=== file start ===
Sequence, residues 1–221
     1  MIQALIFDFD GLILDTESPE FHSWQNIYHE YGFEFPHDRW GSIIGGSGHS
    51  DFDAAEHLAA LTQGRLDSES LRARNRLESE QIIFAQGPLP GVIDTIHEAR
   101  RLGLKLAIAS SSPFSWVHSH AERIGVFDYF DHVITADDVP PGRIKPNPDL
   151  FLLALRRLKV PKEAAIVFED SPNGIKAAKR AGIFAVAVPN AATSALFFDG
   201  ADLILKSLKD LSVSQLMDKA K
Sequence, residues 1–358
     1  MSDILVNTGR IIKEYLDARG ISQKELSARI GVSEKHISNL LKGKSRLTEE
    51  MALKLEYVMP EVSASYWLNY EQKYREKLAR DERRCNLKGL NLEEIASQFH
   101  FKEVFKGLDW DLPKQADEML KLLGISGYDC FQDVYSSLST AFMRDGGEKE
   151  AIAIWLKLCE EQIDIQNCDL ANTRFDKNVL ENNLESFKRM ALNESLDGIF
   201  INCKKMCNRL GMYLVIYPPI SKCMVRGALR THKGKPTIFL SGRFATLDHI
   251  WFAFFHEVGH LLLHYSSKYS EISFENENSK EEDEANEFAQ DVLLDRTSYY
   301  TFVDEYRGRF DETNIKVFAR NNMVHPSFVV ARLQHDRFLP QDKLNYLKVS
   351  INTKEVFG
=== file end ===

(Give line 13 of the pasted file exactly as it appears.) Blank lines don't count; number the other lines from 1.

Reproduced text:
   251  WFAFFHEVGH LLLHYSSKYS EISFENENSK EEDEANEFAQ DVLLDRTSYY